“Just like Ariel [from ‘The Little Mermaid’], we all wanna be where the people are,” artist Alexis Powell says. She’s talking about connectivity—especially between artists, musicians and working creatives in the digital age. “Big tech knows that and uses it to its advantage.”
“I love the internet,” Candace B. Thompson adds. “I was an early smart-phone adopter, and I use Instagram constantly in my work as an artist—even though I can’t stand what Facebook has become. [At the moment,] it is the closest thing we have to a commons for sharing information and building community while also working several jobs and trying to sleep.”
Powell and Thompson traverse modern-day conundrums of a digitally dependent world in “OK GURGLE,” a multimedia, sound and music production, as part of the Cucalorus Stage block. The production is slated for two shows at Whiskey Tango Foxtrot this weekend. Using their own personal data, as well as speech-to-text transcriptions, “accidental” Google recordings and the like, Powell and Thompson explore digital codependency and consensual surveillance by marrying original songs with visuals and audience engagement.
“OK GURGLE” has been in development for two years and only performed twice so far. Powell and Thompson workshopped the production and added new elements to create the latest iteration, which serves as their Cucalorus debut.
“We’re also starting to incorporate a post-show ‘aftercare’ into the evening,” Thompson says, “where we’ll talk with the audience about the issues that arise in the piece, and offer them some hands-on tools for regaining agency over their data.”
Audience collaboration is at the heart of “OK, Gurgle”—in its message and in its progression. “We really want people to both have feelings about the issues we are drawing awareness to (surveillance capitalism, personal data collection) and our general complicity to these situations while also offering tools for taking some control back in relation to them,” Powell tells.
Though it’s Thompson and Powell’s first time at Cucalorus, both are seasoned artists. Thompson has been a part of food justice and ecology projects, like The Collaborative Urban Resilience Banquet (C.U.R.B.) and can be seen on Instagram @the_c_u_r_b. Powell also has a self-therapeutic Instagram video series @alexis_growl. The artists have taken the time to share more on the impetus for “OK GURGLE” and how Cucalorus audiences can connect (or disconnect) with the show.
encore (e): How has “OK GURGLE” changed over time, based on new happenings and breaking news when it comes to internet privacy, data collection, etc?
Candace B. Thompson (CBT): Lex and I basically send each other texts every day with news articles about how some such company just had a massive database leak or how Facebook did some new nefarious thing, but the larger ideas remain consistent across time (for now, at least).
Alexis Powell (AP): It’s actually impossible to incorporate this news at the pace in which it’s being released.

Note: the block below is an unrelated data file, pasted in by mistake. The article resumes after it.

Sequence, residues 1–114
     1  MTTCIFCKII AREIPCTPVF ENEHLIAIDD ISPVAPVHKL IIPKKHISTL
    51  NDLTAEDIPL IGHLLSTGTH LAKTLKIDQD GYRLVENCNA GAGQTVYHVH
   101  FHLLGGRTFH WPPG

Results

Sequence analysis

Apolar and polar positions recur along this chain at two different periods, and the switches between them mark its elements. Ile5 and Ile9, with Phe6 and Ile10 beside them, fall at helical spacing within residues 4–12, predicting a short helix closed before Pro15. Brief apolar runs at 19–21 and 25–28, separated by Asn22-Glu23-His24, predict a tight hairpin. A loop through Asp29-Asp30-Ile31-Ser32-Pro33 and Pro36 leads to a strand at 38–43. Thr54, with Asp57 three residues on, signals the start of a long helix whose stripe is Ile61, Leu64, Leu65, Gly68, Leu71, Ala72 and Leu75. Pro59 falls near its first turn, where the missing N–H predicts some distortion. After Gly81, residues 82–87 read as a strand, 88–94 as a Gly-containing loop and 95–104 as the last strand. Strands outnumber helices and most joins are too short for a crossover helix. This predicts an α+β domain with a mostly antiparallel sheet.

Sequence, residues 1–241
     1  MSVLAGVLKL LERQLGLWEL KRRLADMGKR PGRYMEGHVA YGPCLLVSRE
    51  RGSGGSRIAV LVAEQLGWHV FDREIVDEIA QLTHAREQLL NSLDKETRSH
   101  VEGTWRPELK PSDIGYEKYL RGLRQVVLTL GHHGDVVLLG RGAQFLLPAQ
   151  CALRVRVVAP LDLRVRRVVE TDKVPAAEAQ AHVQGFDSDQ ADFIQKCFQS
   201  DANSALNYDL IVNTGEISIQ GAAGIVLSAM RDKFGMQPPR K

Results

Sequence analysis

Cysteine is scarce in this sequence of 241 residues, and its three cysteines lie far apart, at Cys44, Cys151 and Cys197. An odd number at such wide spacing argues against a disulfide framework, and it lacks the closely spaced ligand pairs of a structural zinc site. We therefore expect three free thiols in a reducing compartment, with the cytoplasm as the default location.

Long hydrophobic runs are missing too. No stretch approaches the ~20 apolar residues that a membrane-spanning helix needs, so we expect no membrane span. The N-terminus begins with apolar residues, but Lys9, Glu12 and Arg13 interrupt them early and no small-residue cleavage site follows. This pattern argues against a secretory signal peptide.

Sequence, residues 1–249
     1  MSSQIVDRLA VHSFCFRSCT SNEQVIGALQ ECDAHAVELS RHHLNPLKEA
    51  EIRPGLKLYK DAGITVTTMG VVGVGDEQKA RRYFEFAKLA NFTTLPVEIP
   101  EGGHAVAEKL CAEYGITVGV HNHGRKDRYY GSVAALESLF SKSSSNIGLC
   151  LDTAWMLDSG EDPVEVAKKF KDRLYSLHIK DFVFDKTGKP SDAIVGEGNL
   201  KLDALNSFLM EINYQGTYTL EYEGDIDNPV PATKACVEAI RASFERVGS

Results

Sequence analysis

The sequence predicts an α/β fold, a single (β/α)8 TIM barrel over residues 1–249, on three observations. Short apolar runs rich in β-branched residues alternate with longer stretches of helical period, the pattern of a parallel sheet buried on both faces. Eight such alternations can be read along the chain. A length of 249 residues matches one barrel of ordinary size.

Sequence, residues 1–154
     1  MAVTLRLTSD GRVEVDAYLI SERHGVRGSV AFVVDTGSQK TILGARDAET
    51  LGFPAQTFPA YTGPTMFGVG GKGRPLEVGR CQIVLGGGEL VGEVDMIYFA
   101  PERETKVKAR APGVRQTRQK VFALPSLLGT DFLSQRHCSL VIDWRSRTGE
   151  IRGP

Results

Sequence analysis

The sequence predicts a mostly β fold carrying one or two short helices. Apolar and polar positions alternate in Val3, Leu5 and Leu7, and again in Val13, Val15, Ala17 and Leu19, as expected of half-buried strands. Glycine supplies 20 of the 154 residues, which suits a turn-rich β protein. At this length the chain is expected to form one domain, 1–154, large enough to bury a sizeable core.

CBT: While our piece is about data itself, it’s really more an exploration of emotional reasons and why we reach for these devices—how they have been engineered to make it as easy (professionally, technically and emotionally) for us to do so.
AP: Exactly—why are we always choosing to “accept” the terms of service of our apps and devices without ever reading the fine print of what that means? Have we become so addicted to our phones we no longer care about our data privacy, or has big tech become so attuned to our “needs” and vulnerabilities we are now in a totally codependent relationship? How do we get out of this relationship? Do we want to?
CBT: That’s where we think the real work has to be done: helping us all uncouple from the compulsion engineered into this technology, and asking these companies to be held accountable for the ways in which they intentionally manipulate us.
e: Tell us more about the original music elements of the show. Were they specifically written for “OK, Gurgle,” or did they just happen to fit?
CBT: Lex is an amazing musician and with this project (and others we’ve done) the songs emerge from the data we gather. We do some Googling and screenshotting, and she just goes off and comes back with something, and I’m like, “Cool!” These songs are original for this piece and are literally copy-pulled from spam emails, the Google privacy terms and conditions, Google searches results, etc.
AP: Yeah, this is my favorite way to compose. I guess this is our performance company’s own method of “data collection”—we gather up a ton of research on the topics that make us curious, confused, scared, etc. and then turn them over musically and theatrically until they can be examined in a new light. For me, this kind of arts-based research and exploration through various kinds of embodiment helps me grapple with topics overwhelming to my brain.
Candace is also an amazing musician, by the way.
e: Can you give us an example of one of the songs and visuals you chose to pair with it?
CBT: One of the newer songs we have is where Lex has created a little bop for the terms and conditions we all agree to. It’s kind of amazing to hear the lyrics because you’ll think we’re being reductive or pithy, but it’s literally just a straight copy/paste from their legal. For this iteration (graphics are always in flux), we’ve just screenshot that language in order for the audience to see that we’re not making this shit up!
e: Which aspect(s) of the performance do you think most visibly impact audiences?
AP: We intend to ask our Cucalorus audiences this for sure! I think, in general, it is the ways in which folks see themselves and their behaviors mirrored back to them.
CBT: We’re in it (and running every cue in real time) so it’s hard to say because it’s a bit of a whirlwind for us. When we’ve performed it before, we’ve had lots of different responses. I think it depends on the individual’s age and fluency with these tools. It’s our hope most people see something in here that reflects back to them a digital habit they have; though, we hope to keep expanding from here forward and represent the broader implications these tools have for people with less privilege.
Digital space—like real space—is more fraught for black, indigenous, people of color (BIPOC), LGBTQIA+, women, poor people, immigrants and children than it is for the Mark Zuckerbergs, Tim Cooks and Sergei Brins of the world. People need to know, even if a certain tool doesn’t hurt them personally, its widespread adoption can have real-world impacts on other more marginalized groups. In my honest opinion, we need to think collectively about internet safety and make sure the least amongst us are also protected.
e: There’s mention of “accidental” Google recordings—what are those?